I’m going to put forward a controversial point here, at least among some in the circles I frequent: I believe headcanons are less legitimate and worthwhile than readings. It’s often said by those who participate in deeply consumptive ‘fandom’ that the difference between a headcanon and a reading is how seriously people take the interpretation, and while I agree that this is basically true I don’t agree that there’s anything wrong with the state of affairs. Arbitrary headcanons, while perhaps important to those who take them up, are just that, ultimately arbitrary, usually more of a sign of how relatable a given character is to a fan than of anything else. This isn’t to say that they’re worthless or should be mocked, which is just mean and immature behavior, but unlike a reading, which can be debated based on the evidence, a headcanon is personal and bordering on irrational. That is to say, there’s no cause for debate or discussion, which will only result in circling the wagon in the end. A headcanon like this is hardly even an opinion and comes closer to something like an emotion, and for that reason there’s little point in discussing it. After all, you can’t easily (or often, ethically) argue someone out of their gut feelings.
That said, it’s certainly true that some interpretations are classified as headcanons regardless of the evidence behind them, purely as a result of being focused on queer issues or other marginalized experiences. Whether or not you consider Astolfo being non-binary to be a headcanon or a reading will depend heavily upon the political and social perspective you’re bringing to the text in the first place, among other factors. Now, I’m fairly agnostic on Astolfo’s gender, but it seems to me that it’s obviously a valid reading of the text to see him as non-binary (and no, my use of he/him there is not coming down one way or another, he’s absolutely the kind of character who’d be cool with those pronouns even if he was non-binary. Also, policing pronouns of anime characters when there’s room for any debate whatsoever is stupid, stop.) Calling a reading ‘headcanon’ is quite clearly a way of dismissing it as invalid or even ‘cringey’, and that’s all the more likely to occur if it’s related to queer issues or those of other marginalized groups. It’s not a shock, then, that some push back against the separation between headcanon and reading altogether. After all, if anything you think about a work will be reduced to your headcanon, why even maintain the distinction?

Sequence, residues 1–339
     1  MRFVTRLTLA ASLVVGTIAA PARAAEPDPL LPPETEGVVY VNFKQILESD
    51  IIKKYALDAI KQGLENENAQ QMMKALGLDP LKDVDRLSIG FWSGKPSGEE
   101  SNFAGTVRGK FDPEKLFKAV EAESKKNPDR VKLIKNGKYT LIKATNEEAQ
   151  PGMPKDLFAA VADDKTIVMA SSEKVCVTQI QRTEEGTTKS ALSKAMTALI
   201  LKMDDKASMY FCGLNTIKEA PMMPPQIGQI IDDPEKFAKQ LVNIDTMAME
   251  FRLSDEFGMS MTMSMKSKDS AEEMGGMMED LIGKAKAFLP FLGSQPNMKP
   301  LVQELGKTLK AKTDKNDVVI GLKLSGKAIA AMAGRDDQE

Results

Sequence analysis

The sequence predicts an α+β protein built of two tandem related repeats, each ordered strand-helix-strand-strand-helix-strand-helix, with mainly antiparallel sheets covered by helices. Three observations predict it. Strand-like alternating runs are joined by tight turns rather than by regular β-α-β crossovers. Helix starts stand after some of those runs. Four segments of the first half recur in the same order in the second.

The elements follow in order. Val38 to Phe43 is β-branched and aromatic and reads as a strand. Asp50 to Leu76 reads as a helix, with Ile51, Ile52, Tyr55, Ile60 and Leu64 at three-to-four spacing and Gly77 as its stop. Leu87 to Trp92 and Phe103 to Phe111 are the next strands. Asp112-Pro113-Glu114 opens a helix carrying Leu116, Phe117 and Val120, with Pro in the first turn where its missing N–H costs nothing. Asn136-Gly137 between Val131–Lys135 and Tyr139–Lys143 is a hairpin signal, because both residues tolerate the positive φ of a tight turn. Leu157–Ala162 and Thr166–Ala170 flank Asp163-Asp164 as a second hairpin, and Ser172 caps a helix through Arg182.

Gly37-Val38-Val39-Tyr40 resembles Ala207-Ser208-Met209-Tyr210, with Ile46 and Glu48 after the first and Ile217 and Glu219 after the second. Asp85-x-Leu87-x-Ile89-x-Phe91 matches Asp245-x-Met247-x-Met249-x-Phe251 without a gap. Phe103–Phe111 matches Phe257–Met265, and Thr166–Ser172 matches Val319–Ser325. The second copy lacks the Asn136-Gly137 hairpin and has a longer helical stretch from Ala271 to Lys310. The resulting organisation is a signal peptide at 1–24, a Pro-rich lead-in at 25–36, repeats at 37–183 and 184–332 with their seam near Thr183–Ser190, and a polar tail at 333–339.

Well, I do think we need to maintain this distinction, and my reason why is a fairly simple one, though it may get painted as somewhat elitist: there’s a fundamental gap between critical and general discussion of art, and that gap should be maintained. Everyone is capable of participating in critical discussion, of course (though education systems do not, in general, do a great job of bringing this latent potential out), but the difference between fandom, which inherently involves a specifically consumptive relationship to a given work or franchise, and criticism, which aims to take some distance from art as capital, is something that’s more needed today than ever. Headcanon is always tied up in the view of a piece of art as a miniature world in itself within which details totally unprovided within the work can exist, while readings approach the art as texts to be interpreted. Neither of these need to be thrown out, but it’s not wrong to draw a line between them, and ultimately, I believe it needs to be made an even clearer line in the sand.